The Distinguished Speaker Series featured Kathleen Gaffney, CFA, and Co-Director at Eaton Vance who focuses on fixed income. Eaton Vance is one of the oldest and most distinguished investment management firms in the United States.  Gaffney warned that the “end of the era” of low interest rates is at hand and that more volatility will be the result.

The increase in volatility is due to more than just the expected rise in interest rates.  Gaffney warns that the broker/dealer community has been hard hit by new capital rules that prevent them from holding large inventories of bonds.  Due to the global financial crisis of 2008-2009, this “shock absorber” has been taken away.  Gaffney stressed that moving capital will be difficult, leaving the market vulnerable to sharp corrections.

Gaffney stated that she is convinced that the credit markets are ripe for correction.  The FED’s actions will most likely impact short and intermediate term bonds the most.  If the FED does not begin to tighten in June, it will be accused of being behind the curve. She believes that the fundamentals in the United States are good and that once rate hikes begin; the resulting yield curve will resemble a “bear flattener” as short rates will rise faster than longer term rates.  Inflation will result when economies outside the US continue their economic recovery.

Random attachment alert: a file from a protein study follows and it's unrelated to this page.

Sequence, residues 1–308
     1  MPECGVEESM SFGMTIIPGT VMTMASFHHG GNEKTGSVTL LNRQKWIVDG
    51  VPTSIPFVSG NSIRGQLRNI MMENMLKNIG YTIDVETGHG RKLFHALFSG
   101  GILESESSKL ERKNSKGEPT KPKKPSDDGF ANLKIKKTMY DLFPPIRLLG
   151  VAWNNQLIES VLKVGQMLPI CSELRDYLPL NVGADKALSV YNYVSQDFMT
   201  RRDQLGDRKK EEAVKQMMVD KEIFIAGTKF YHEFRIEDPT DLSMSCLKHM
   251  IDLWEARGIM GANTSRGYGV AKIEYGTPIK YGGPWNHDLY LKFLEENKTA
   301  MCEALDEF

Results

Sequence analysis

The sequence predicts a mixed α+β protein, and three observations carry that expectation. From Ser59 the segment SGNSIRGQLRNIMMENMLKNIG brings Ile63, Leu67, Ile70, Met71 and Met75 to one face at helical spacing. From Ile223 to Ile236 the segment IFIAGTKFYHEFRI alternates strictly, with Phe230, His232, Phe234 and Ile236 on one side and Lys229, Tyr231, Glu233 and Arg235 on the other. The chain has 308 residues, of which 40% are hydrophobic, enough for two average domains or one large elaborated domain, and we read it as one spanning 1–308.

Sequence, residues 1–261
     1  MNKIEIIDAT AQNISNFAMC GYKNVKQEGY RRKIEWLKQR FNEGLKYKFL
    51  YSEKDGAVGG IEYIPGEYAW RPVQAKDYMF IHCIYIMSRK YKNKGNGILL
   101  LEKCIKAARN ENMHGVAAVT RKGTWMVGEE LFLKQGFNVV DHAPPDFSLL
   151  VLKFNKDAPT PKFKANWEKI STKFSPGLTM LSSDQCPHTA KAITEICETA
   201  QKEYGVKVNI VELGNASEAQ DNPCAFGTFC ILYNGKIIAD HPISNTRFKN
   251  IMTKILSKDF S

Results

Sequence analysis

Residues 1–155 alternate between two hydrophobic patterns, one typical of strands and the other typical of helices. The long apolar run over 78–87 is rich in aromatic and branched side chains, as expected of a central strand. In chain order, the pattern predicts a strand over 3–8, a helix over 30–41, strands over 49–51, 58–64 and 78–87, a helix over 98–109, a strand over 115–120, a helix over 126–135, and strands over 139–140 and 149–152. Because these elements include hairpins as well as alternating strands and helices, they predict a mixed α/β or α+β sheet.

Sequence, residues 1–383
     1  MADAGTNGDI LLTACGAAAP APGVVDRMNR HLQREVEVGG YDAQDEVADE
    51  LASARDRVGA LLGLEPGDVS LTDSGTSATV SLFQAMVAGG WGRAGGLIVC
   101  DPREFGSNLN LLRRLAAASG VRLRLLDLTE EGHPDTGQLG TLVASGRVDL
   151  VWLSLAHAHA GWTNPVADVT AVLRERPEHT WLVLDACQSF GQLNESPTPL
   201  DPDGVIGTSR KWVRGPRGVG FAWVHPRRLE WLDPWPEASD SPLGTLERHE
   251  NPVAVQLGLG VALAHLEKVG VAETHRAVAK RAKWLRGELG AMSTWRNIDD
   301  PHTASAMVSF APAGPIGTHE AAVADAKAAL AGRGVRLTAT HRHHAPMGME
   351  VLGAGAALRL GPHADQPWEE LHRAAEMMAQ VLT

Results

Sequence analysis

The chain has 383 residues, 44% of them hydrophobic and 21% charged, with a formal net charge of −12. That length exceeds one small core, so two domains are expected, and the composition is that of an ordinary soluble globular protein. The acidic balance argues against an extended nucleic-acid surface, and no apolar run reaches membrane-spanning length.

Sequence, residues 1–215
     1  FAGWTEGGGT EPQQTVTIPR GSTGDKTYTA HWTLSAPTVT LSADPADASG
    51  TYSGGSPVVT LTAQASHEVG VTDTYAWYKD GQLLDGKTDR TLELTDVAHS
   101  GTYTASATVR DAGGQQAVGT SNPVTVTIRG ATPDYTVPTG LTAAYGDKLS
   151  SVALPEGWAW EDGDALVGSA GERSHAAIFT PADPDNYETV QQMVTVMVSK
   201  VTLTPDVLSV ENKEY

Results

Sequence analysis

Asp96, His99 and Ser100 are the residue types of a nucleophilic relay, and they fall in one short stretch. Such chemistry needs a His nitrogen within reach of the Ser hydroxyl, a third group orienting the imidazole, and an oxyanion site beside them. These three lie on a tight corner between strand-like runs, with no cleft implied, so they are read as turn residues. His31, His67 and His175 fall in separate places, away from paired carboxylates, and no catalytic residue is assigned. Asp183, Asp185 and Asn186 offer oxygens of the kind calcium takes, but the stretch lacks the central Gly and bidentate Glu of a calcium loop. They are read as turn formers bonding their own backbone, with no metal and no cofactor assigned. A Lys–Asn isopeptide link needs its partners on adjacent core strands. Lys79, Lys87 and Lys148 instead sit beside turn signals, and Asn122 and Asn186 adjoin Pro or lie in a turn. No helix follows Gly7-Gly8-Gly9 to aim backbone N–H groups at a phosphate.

Gaffney is convinced that duration risk is the greatest risk facing the US bond market.  It is her position that US interest rates are too low and that the 10-year treasury yield will approach 4% by year-end.  She also believes that high-yield and investment grade corporate bonds are currently expensive. In this environment, as part of a multi-sector strategy, Gaffney utilizes dividend paying equity substitutes in her fixed income portfolio.